Dr. X is a young, charismatic, board-certified surgeon at the local hospital. While popular among her patients and non-surgical colleagues, to the established surgical "Old Guard," she appears somewhat of a threat. Her training in new advanced techniques, coupled with splendid bedside manner, has caused her practice to become quite busy. However, disruption in some well-established referral patterns has occurred, and business has been siphoned away from her older colleagues. . . . This hypothetical - but not uncommonly recurring - fact pattern demonstrates the destruction of a promising medical career, elimination of competition, promotion of status quo cronyism, and protection of bad faith peer review, without a scintilla of evidence that quality healthcare has been advanced in the process. Certainly, such perverse consequences were not what Representative Ron Wyden of Oregon had in mind when he introduced the HCQIA in 1986. Unfortunately, when policy decisions supported by the weight of the law create both unfair and inequitable results that trample physician property and due process rights, permit conflicts of interest and abuse of process, and fundamentally harm the public interest, then the question must be asked: is physician peer review immunity justified?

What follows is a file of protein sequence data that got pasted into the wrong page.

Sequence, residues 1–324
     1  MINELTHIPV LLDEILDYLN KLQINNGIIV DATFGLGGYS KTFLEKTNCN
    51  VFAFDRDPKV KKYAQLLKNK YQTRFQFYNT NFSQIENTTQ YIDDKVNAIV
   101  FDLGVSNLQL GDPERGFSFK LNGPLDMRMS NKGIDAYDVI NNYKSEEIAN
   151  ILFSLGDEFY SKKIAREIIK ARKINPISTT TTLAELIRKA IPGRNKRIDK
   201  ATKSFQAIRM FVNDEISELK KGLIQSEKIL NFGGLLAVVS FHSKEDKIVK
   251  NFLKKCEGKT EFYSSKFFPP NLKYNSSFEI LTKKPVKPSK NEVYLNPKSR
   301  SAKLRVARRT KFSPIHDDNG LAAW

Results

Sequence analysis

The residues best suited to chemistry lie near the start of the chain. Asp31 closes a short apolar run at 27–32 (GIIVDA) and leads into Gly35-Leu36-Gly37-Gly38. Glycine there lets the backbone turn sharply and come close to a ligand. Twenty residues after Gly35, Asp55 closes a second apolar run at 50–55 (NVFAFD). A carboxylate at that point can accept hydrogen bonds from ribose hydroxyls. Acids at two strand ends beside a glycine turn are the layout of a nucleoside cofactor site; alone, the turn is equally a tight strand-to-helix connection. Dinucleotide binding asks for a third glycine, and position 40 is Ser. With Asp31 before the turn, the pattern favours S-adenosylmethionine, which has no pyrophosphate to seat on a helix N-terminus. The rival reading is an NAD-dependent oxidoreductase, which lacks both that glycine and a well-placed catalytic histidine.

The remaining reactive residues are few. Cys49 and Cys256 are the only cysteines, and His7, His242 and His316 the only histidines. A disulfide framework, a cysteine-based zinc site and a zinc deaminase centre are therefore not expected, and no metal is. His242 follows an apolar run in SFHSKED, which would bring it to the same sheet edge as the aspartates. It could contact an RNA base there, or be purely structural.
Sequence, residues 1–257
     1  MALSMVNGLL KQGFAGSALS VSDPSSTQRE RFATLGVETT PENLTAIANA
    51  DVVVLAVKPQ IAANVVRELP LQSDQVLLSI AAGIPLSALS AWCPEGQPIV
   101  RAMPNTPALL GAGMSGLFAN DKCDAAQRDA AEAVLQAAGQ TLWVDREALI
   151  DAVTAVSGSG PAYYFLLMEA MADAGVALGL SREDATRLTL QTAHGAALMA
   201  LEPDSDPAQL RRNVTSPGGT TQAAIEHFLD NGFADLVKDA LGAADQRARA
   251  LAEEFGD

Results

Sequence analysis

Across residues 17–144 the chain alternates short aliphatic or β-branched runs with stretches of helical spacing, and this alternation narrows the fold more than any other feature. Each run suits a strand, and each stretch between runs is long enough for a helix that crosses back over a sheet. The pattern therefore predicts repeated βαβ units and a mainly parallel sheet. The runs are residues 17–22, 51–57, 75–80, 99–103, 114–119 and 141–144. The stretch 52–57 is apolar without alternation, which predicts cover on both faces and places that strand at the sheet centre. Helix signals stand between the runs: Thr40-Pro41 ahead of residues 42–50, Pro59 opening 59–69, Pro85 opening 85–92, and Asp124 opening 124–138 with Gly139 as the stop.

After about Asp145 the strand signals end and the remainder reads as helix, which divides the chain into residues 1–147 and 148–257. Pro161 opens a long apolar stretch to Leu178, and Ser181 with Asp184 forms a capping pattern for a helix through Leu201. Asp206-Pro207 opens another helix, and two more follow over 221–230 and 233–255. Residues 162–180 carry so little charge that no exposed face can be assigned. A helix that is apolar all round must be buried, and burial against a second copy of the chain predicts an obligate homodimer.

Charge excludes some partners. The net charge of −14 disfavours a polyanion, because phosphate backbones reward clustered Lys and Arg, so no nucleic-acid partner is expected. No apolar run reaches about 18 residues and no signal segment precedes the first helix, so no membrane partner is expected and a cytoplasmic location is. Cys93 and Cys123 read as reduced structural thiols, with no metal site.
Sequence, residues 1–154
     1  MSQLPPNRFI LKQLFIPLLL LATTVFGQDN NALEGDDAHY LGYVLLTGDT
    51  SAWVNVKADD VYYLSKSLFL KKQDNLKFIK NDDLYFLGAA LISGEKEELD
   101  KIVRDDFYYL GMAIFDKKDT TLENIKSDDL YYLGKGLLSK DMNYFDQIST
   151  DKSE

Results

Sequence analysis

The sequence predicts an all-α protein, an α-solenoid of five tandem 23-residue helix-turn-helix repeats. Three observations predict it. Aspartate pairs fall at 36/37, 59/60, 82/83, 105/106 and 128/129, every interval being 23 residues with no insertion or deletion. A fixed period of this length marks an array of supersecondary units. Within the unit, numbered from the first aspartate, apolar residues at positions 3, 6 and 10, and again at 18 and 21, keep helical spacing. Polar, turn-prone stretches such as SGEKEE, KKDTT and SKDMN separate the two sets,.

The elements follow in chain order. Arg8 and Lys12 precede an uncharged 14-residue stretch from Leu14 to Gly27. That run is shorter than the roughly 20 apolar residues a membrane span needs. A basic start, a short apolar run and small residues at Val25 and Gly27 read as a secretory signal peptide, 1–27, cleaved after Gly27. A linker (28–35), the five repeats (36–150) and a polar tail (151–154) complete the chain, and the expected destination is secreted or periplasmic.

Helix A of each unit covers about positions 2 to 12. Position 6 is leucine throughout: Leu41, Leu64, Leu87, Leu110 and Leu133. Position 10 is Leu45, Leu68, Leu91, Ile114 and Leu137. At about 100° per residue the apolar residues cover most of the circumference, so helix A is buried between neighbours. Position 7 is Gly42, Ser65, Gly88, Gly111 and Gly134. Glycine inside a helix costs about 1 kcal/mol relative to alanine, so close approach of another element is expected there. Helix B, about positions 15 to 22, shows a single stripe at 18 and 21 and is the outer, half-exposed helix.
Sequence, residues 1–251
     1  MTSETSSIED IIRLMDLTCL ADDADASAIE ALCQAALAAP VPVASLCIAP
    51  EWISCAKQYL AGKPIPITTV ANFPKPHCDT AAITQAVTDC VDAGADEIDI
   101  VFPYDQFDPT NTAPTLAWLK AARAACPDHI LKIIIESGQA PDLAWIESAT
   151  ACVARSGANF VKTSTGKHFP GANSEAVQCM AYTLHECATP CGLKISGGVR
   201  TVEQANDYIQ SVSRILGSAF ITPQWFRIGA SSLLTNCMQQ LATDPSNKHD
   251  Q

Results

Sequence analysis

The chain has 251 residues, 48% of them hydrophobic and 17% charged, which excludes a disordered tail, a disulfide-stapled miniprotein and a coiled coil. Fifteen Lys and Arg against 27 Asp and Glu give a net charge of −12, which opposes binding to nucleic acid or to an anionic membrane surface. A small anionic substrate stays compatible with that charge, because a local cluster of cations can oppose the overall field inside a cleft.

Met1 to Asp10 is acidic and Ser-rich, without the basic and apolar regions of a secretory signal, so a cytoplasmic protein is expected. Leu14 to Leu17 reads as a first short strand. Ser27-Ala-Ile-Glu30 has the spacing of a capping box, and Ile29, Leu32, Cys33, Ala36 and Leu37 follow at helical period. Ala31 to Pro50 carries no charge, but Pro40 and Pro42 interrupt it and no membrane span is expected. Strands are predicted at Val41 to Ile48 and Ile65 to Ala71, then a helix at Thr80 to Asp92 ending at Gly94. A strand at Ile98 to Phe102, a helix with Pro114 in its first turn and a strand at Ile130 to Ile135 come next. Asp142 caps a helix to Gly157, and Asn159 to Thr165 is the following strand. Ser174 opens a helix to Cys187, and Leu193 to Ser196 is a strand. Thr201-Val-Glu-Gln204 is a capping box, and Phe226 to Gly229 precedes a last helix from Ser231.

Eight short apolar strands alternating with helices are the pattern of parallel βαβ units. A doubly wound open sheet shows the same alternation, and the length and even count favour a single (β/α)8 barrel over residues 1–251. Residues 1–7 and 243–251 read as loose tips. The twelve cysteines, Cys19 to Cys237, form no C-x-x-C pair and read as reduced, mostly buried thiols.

Charles R. Koepke M.D.,
Physician Peer Review Immunity: Time to Euthanize a Fatally Flawed Policy,
22 J.L. & Health
available at http://engagedscholarship.csuohio.edu/jlh/vol22/iss1/3